Mum warned Maghaberry prison hours before son's death

Maghaberry prison

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David O’Driscoll had been suicide watch on three previous occasions when admitted to the jail

The mother of a man who killed himself in Northern Ireland’s high-security prison was told he was fine after warning staff hours earlier that he had threatened to take his own life.

David O’Driscoll, 30, hanged himself in his cell just over seven hours after arriving at Maghaberry prison in August 2016.

A report into his death was published on Wednesday.

The head of Northern Ireland’s Prison Service has apologised to his family.

Mr O’Driscoll had a long history of mental health problems and had been put on suicide watch on three previous occasions when admitted to the jail.


A report by the Prisoner Ombudsman said Mr O’Driscoll’s mother contacted the prison shortly before his death and told staff he had telephoned his family and was “threatening to kill himself”.

A short time later, a member of staff called her back and reassured her that her son was fine.

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The report revealed that no-one spoke to Mr O’Driscoll about the call to his family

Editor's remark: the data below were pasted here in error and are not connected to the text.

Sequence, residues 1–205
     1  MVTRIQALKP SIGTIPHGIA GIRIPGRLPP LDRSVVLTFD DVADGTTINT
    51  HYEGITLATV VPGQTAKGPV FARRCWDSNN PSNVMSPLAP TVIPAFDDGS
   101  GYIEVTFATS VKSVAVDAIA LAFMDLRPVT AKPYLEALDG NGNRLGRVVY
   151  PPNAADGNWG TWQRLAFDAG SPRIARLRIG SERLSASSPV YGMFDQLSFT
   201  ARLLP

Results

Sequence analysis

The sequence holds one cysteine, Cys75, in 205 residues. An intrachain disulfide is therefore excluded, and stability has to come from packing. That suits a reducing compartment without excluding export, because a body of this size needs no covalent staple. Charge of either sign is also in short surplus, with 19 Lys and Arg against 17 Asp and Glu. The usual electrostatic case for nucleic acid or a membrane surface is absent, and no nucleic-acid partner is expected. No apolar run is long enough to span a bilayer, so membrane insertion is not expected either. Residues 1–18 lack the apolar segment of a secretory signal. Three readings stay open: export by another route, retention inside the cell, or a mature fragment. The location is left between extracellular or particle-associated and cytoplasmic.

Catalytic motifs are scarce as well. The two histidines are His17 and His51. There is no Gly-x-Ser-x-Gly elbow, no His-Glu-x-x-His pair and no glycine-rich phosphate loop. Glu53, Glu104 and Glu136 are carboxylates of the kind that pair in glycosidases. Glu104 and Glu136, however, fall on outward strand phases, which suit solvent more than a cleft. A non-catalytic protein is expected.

She was told that he would be checked every two hours, that his mood would be assessed continually and that staff arriving to work the night shift would be informed that concerns had been raised about his wellbeing.

The next call she received was to say he was dead.

The investigation report into his death said that none of the preventative measures outlined in the call to Mrs O’Driscoll were put in place.

It also revealed that no-one spoke to Mr O’Driscoll about the call to his family and that the reassurance given to his mother was based on an earlier conversation he had with a prison officer.

Mrs O’Driscoll was also told her son had seen a nurse and that medication he needed would be sorted out.

But, the report said the medication had not been administered by the time of his death.

Maghaberry: A prison in the spotlight

Maghaberry Prison, Northern Ireland’s only high-security jail, opened in 1986 and has never been far from the headlines.

It was the site of dirty protests by dissident republican prisoners over full-body strip searches, as well as a riot by loyalist prisoners in 2004.

In recent years, the prison has been criticised for serious incidents in which prisoners have died or committed serious self-harm.

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A 24-year-old man has died in custody

In 2015, the prison was labelled as the most dangerous prison ever inspected by England and Wales’ chief prisons inspector.

The following year, a report revealed staff watched but failed to intervene when a mentally-ill prisoner, Sean Lynch, blinded himself.

Follow-up inspections in the last two years have indicated some “fragile” progress but concern remains about vulnerable prisoners.

“It is particularly distressing in this case that after being reassured by the prison about her son’s wellbeing, Mrs O’Driscoll was later told that he had died,” said Prisoner Ombudsman Brendan McGuigan.